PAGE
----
Prospects Remain Dialed In Under Sun

Arizona Fall League participant Justin Maxwell got a taste of the major leagues this year, appearing in 15 games for the Nationals and hitting a grand slam against the Marlins.
Arizona Fall League participant Justin Maxwell got a taste of the major leagues this year, appearing in 15 games for the Nationals and hitting a grand slam against the Marlins. (By J. Pat Carter -- Associated Press)
By Barry Svrluga
Washington Post Staff Writer
Friday, November 9, 2007

PEORIA, Ariz. -- When the announcement came over the public address system last month at the Peoria Sports Complex -- "Fans!" a voice boomed, though no such group appeared to exist -- the throng of scouts in the shade underneath the press box readied their radar guns, but otherwise remained unfazed. Perhaps 100 people spread from foul pole to foul pole, including one who openly stretched, shirtless, ready to take in some baseball following a jog.

With that, under a mid-day Arizona sun, Justin Maxwell jogged to right field, Kory Casto to first base, and they warmed up for some October baseball. Later that night, the National League Championship Series was to resume in Phoenix between the Arizona Diamondbacks and the Colorado Rockies. This, though, is the Arizona Fall League, where Casto, Maxwell and other Washington Nationals prospects -- indeed, some of the top minor leaguers in the game -- added a month onto their seasons in what has been billed as "graduate school" for potential stars. The list of alumni includes four most valuable players and three Cy Young award winners.

Not that, considering the setting, such notoriety seems in the offing.

"It's hard, because it's so different than the regular season," Casto said. "You're waking up at 7:30 a.m. You're playing at 12:30 under a hot sky. At home [in Oregon], it's rainy and 50 now. There's some challenges. But it's nothing you can't deal with, and it's important."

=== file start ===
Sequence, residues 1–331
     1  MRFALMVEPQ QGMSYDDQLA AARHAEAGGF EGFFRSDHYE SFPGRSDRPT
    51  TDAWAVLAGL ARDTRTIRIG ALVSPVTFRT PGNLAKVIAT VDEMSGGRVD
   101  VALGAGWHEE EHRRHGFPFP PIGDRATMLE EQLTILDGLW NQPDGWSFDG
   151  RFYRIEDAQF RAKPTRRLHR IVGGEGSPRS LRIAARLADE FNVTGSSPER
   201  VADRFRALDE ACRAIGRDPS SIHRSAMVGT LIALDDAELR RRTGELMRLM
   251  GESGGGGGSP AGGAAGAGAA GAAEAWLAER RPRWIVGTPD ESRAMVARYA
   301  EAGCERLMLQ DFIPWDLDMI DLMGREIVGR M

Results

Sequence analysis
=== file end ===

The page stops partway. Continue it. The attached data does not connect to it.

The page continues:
Casto and Maxwell, who each made brief major league debuts with the Nationals in 2007, took the field wearing Nationals jerseys, but they technically appeared as members of the Peoria Javelinas. (Unfamiliar with a "javelina"? It's Spanish for peccary. Explanation forthcoming.)

The Javelinas, on this day, faced off against the (natural rival) Peoria Saguaros. The Javelinas sported jerseys of the Yankees, Mariners, Braves, Rockies and Nationals. The Saguaros represented the Phillies, Dodgers, Tigers, Marlins and Padres.

"It's good to get to know some guys," Maxwell said.

That, though, isn't what the Arizona Fall League is about. In the midst of its 16th season, the fall league was established as a means to allow select minor league players a chance to evaluate themselves against their peers. Score is kept. Admission is charged. There are records and standings. But the idea isn't for the players to stress. Rather, the environment is supposed to foster creativity, a place where players can come and work on a specific skill or fix a mechanical flaw.

"It's invaluable," said former Nationals manager Frank Robinson, who oversaw the league for three seasons in the 1990s. "Results don't matter. You can use it to teach and develop. An individual can take what he learned in the middle of the season and refine it, but not worry about the results."